Prayerfully study Matthew 21:1–11; Mark 14:12–26; Luke 19:29–38; 22:15–20; and Doctrine and Covenants 20:77, 79. Then study the lesson and decide how you want to teach the children the scripture account. (See “Preparing Your Lessons,” p. vi, and “Teaching from the Scriptures,” p. vii.)
Select the discussion questions and enrichment activities that will involve the children and best help them achieve the purpose of the lesson.
Suggested Lesson Development
Invite a child to give the opening prayer.
Divide the class into groups, and ask the children to think of things they might do in their homes if they were going to have special guests come to visit their families, such as cleaning the house, preparing special foods, and so forth. Have each group act out what they would do, and let the rest of the class guess what they are doing.
If the Savior were coming to your home, what would you do to prepare? Tell the children that this lesson will teach them about a time when people prepared a special welcome for the Savior to show how much they honored and respected him.
Scripture Accounts and Discussion and Application Questions
Display the picture Triumphal Entry. Teach the children the account of Jesus’ triumphal entry into Jerusalem (Matthew 21:1–11; Luke 19:29–38). (For suggested ways to teach the scripture account, see “Teaching from the Scriptures,” p. vii.)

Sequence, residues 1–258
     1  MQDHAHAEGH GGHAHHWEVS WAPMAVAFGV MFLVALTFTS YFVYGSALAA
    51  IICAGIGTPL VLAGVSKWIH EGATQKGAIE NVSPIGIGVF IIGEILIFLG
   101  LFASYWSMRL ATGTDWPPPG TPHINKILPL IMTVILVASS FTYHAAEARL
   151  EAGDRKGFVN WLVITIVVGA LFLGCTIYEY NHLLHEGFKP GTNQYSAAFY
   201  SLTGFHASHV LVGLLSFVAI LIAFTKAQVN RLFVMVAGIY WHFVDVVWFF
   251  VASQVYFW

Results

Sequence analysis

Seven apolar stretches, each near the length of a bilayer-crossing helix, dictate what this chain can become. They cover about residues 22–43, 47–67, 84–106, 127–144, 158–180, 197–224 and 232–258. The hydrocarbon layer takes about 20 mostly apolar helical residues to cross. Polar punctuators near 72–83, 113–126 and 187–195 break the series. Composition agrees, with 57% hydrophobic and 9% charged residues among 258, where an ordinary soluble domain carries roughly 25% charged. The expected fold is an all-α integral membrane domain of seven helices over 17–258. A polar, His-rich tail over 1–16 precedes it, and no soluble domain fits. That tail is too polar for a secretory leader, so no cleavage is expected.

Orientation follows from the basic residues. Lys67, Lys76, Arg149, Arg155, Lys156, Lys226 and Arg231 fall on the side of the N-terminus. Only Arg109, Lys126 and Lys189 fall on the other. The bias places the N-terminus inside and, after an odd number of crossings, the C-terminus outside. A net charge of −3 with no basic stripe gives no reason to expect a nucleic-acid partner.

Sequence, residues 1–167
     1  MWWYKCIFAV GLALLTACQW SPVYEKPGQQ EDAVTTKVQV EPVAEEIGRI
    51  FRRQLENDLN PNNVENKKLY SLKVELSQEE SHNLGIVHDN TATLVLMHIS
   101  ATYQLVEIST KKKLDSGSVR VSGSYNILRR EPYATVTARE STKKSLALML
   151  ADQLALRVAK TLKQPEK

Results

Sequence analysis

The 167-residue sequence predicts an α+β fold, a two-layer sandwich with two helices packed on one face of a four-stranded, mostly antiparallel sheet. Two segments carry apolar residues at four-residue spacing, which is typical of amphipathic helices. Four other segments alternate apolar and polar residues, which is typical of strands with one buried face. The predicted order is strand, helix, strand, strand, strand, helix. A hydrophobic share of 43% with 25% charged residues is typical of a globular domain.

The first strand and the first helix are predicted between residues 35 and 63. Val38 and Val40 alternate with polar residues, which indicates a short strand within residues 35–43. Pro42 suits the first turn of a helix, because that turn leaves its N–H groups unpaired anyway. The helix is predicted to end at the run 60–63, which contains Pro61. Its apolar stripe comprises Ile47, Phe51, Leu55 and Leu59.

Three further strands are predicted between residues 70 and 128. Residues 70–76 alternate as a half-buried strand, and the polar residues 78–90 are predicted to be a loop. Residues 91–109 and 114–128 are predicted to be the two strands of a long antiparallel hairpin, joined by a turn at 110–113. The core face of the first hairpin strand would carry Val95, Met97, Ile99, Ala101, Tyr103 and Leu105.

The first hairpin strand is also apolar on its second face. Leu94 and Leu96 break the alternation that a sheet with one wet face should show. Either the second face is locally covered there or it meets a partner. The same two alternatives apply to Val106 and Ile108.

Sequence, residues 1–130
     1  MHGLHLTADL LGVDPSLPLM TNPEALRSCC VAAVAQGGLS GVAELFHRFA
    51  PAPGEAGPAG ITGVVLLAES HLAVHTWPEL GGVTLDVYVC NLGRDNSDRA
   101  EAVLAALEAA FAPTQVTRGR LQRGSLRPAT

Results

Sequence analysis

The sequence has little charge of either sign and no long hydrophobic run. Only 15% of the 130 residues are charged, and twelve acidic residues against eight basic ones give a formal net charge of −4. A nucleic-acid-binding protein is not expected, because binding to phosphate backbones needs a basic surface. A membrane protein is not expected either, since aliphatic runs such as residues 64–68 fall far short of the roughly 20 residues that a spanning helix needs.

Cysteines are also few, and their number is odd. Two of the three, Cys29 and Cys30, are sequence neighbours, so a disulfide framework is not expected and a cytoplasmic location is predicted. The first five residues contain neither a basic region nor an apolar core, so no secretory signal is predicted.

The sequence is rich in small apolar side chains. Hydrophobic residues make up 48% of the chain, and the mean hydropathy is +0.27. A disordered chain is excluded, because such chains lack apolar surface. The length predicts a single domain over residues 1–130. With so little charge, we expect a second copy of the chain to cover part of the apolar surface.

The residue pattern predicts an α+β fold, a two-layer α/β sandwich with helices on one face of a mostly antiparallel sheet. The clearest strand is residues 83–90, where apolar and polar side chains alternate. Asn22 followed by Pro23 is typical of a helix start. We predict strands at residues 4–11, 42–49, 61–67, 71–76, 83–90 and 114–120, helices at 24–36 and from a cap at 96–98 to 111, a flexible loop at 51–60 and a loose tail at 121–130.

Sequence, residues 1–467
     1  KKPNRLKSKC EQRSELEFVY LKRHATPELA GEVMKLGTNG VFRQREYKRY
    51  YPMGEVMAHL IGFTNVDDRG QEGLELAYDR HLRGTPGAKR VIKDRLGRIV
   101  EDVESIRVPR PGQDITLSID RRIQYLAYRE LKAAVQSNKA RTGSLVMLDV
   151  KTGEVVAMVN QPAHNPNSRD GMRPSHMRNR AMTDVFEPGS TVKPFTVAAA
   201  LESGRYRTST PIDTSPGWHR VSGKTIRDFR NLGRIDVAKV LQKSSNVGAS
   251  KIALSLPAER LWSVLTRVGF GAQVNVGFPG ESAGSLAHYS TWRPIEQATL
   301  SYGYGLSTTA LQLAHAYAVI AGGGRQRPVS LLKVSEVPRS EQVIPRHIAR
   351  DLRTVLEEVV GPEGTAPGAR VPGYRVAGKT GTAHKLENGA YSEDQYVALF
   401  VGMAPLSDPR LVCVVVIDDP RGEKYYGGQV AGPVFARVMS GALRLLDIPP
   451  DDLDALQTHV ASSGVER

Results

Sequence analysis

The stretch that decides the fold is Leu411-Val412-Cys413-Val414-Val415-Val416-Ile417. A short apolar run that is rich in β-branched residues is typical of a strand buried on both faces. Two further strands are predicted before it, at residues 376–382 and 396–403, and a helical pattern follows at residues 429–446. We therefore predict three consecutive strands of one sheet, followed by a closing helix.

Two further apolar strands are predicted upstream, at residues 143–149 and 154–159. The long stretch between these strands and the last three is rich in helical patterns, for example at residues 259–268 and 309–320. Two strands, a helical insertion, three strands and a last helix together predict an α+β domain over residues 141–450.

What did the people do when they heard Jesus Christ was coming into their city? (Matthew 21:8–9.) How do you think they felt about Jesus? How do you think you would have felt if you had been there?
Why did the people shout “Hosanna” as they walked into Jerusalem with Jesus? (Help the children understand that this was their way of praising and worshiping Jesus and showing that they believed he was the Son of God.) How do we worship Heavenly Father and Jesus Christ today? (When we attend sacrament meeting, read the scriptures, sing hymns, pray, and partake of the sacrament.)
Teach the children the account of the Last Supper from Mark 14:12–26 and Luke 22:15–20. Show the picture of the Last Supper. Explain that the Passover was a ritual meal the people ate each year to remind them of the time when the destroying angel passed over the houses of their forefathers in Egypt and did not kill their firstborn sons (see Exodus 12:21–30).
Why do we call this Passover meal the Last Supper? (Luke 22:15–18.) What did Jesus do at this meal? (Mark 14:22–24.) Why did he do this? (To teach the importance of his atonement. He instituted the sacrament to help us always remember him and his atonement.)
What did Jesus say the bread represented? (Mark 14:22.) What did Jesus say the wine represented? (Mark 14:23–24. Explain that we use water today instead of wine.) Help the children understand that the bread and water are symbols, or reminders, of Jesus’ body and blood.
How was the Last Supper similar to our sacrament service today? Remind the children that just as Jesus broke the bread and blessed and passed the bread and wine, priesthood holders perform the same duties today. You may want to take this opportunity to help the boys in your class understand that when they receive the Aaronic Priesthood, they will be receiving the authority to represent Christ in the sacrament service.
If any of the children ask why we use water instead of wine for the sacrament, refer them to Doctrine and Covenants 27:1–2.